Assessing Normality in AP Stats

If you make a Wordle of all of the year-long conversation in an AP Statistics class, the word “normal” will certainly be one of the font-size winners.  Think of all of the places the word “normal” enters the conversation –

• We find the probability of events given a nomal distribution.
• We combine random variables, which may have normal distributions.
• We discuss a normal approximation for a binomial setting.
• The Central Limit Theorem allows us to assume a sampling distribution of sample means will be approximately normal if the sample size is sufficiently large.
• The sampling distribution of sample proportions will be approximately normal if the expected number of successes and failures is “large”
• We assess samples for signs of normality in their parent populations.

It’s this last bullet which if often the trickiest for students, yet the most critical when it comes to structure of hypothesis testing. Exactly what are “signs” of normaility? How can I tell if they have been met? And what is “it” that is approximately normal anyway?  These are questions which come up early in Stats as we begin to look at the distribution of samples.

Here’s a diagram which makes an appearance often in my class, and provides the framework for my lesson on assessing normality:

Much of what we do in statistics deals with taking a representative sample from a large population, making a conjecture about the population, then using mathematical evidence to reach a conclusion.  In my class, this is our first experience with making decisions about a population based on sample evidence, and I need the language and ideas to be tight from the start.  To start, I hand out a sheet with 8 different boxplots on it, and ask students to assess them. Specifically:

Based on the sample, do you feel there is evidence that the population from which it came could be approximately normal?

Groups then discuss each of the 8 graphs, and a quick show of hands is used to vote “yes” (pro-population-normailty) or no for each of the graphs.  Up to now, students have had exposure with center, shape and spread ideas, the relationship betwee mean and median in a symmetric distribution, and the 68-95 rule. Conversation often centers on perceived skewness and outliers, and oberservations surrounding the centering of the median in the “box” part of the boxplot.

Now it’s time for the big reveal…..not only do all 8 of the boxplots come from populations which are approximately normal, they all are samples from the SAME population. It’s a mean trick, no doubt, but I now show students the Fathom document used to create the samples, and have the file cycle through 200 different samples. This is often eye-opening to students, as they begin to see the wide variation in samples from the same population, and hopefully causes them to cast a bigger net when looking to “assume” normailty in populations. The video below explains the procedure:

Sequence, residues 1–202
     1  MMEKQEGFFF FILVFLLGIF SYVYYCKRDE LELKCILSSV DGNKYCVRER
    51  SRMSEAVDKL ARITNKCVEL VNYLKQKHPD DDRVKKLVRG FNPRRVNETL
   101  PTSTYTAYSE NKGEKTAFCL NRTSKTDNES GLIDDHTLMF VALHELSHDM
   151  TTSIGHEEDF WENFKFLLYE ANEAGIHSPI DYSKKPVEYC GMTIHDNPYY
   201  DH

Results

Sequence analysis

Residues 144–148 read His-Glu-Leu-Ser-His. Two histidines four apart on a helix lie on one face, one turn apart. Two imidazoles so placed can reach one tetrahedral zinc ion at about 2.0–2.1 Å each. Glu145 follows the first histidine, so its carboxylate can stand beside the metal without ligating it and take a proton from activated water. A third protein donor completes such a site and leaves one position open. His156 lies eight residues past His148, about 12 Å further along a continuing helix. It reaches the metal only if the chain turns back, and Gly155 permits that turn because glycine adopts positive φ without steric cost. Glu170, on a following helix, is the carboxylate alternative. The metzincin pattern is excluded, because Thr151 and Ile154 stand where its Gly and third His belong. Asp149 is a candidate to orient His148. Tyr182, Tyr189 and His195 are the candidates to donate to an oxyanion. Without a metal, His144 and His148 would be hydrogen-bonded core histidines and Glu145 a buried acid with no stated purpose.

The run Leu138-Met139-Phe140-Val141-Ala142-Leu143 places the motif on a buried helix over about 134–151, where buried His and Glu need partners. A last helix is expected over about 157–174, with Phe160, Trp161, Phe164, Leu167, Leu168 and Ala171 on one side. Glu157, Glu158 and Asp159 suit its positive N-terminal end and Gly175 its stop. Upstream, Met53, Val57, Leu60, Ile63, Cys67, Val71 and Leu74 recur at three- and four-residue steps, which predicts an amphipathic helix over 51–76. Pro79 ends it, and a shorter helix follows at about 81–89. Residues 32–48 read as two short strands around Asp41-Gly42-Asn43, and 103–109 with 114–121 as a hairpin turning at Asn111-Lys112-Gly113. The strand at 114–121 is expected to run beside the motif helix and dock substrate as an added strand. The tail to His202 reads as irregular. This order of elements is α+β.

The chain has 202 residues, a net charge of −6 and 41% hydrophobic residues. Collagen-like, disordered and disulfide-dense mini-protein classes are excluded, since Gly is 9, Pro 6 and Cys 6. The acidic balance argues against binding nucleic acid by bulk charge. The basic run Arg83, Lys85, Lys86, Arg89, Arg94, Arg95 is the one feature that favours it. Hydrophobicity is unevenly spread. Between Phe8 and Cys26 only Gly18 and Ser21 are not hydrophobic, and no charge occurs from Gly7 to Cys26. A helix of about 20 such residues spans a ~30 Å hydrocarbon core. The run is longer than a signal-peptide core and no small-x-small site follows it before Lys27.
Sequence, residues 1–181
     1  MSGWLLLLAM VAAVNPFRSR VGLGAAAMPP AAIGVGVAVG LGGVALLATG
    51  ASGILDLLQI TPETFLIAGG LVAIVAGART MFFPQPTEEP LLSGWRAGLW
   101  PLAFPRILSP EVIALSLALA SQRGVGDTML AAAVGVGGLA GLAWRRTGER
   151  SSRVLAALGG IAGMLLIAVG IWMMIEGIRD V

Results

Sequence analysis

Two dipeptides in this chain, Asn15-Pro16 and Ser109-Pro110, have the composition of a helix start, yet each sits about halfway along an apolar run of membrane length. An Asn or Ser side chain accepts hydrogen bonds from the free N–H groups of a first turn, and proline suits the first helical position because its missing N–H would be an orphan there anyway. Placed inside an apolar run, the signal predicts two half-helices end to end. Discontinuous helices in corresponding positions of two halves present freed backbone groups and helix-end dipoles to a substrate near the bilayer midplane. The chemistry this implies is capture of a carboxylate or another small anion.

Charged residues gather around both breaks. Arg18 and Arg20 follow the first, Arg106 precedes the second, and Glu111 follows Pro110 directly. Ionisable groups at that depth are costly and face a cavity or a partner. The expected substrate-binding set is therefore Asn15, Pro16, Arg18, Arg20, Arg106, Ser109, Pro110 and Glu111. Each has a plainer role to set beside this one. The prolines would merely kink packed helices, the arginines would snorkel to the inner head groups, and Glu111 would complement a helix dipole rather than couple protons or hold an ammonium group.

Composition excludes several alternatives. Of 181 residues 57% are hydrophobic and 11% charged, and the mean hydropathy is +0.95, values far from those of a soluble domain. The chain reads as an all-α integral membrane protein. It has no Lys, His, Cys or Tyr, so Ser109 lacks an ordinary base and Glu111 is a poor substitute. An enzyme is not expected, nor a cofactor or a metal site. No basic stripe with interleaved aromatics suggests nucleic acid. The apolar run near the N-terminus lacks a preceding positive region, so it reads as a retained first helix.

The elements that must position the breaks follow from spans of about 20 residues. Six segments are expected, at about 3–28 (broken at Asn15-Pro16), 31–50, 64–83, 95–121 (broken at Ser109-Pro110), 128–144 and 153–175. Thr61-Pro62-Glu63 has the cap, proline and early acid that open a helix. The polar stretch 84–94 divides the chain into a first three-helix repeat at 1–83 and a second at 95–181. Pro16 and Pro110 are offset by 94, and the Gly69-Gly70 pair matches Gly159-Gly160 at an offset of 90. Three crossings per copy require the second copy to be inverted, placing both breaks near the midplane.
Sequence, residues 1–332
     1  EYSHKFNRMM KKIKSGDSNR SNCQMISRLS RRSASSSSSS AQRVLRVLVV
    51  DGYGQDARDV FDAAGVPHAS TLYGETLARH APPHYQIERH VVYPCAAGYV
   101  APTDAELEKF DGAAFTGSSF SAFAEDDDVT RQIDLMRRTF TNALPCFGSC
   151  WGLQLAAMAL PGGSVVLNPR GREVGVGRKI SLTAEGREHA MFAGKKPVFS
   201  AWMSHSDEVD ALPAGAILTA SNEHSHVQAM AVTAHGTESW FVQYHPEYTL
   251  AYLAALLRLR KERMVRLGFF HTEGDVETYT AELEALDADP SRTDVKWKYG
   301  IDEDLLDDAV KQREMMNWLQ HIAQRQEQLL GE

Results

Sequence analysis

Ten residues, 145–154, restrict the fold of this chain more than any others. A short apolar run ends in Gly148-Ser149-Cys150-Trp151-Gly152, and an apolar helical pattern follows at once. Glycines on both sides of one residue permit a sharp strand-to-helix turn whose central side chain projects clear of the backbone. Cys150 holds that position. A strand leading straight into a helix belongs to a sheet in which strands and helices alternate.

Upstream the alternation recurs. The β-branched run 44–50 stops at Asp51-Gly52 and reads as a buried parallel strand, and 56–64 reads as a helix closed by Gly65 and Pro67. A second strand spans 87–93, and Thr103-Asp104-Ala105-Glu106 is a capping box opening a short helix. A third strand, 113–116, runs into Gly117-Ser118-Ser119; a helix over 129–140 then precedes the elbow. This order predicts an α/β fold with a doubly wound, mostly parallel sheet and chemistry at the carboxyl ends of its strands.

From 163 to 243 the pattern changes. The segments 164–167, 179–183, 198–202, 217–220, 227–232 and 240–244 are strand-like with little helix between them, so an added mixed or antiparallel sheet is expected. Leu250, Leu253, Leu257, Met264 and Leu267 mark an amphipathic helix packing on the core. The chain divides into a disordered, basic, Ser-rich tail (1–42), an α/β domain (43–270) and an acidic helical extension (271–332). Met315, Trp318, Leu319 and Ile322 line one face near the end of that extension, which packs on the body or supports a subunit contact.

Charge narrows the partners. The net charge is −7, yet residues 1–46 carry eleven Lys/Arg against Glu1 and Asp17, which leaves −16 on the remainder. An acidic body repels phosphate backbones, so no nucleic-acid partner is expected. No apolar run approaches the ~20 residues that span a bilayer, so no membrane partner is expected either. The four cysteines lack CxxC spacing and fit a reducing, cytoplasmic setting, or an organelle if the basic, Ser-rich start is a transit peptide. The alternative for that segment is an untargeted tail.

In the second half of this activity, I share 6 data sets with the class, which I have pulled from various sources. The data is linked from my class TI84 or Nspire software and sent to students. The task at hand is to assess each data set, and conjecture if the parent population can be assumed to have an approximately normal distribution. This Excel file contains the data sets, which you can format for your use.

In this activity, the goal is to determine if a given sample comes from a population that is approximately normal.  By now, students have a decent grasp for what to look for:

1. Mean “close” to the median
2. Symmetry, perhaps a few outliers
3. Rough adherence to the 68-95 rule (this is tough to actually check, but if it is checkable, we should give it a good attempt)

For now, I leave number 4 on the list blank. It will be discussed later. In addition to making a decision pro/con normality, I ask groups to conjecture about the source of each data set. The titles of the columns do provide some context clues. to the sources of the sets:

• PRICE – price of 117 homes sold in Albequerque, NM in 1993
• TEMP – high temperatures in Las Vegas in July, August 2007
• MYST – the mystery list. 100 random integers from 50-100 (from RandInt on a TI-84)
• WT – weights of adult males ages 22-30, from a clinical study
• AGE – age of CEO’s from a Forbes list of Top Companies
• BRAIN – IQ scores for 40 research subjects

As groups share their findings on the board, some important themes emerge:

• Context matters! If we consider the source of a data set, this may provide important information about its population distribution. Often, measurements from things in nature (heights, weights, lengths, IQ’s) have an approximately normal distribution. Data involving salaries and prices, meanwhile, are often skewed.
• Multiple representations are helpful. Above, the data set “IQ” has a nice, symmetric distribution if you look at its boxplot. But a dotplot reveals an important feature not evident in the boxplot – the data consists of 2 distinct groupings, with a large gap in the center.
• It’s not the sample which we are trying to prove normal, it’s the underlying population. Later, during hypothesis testing, it is common find students who caim “the sample is normal” based on a boxplot (or those who simply claim, “it’s normal”). We need to help students move away from meaningless statements like this, and towards a communicated linkage between the sample and its parent population.
• As the lesson progresses, the class begins to see that assessing normality is tricky business. We’ll be making a lot of assumptions about the behavior of populations in stats class through the year.  Later, the robustness of procedures will provide a safety net if a population isn’t quite normal.
• And maybe the most important idea: it’s not so important that we clearly identify and justify populations which are normal; it’s more important that we identify populations which are clearly NOT normal.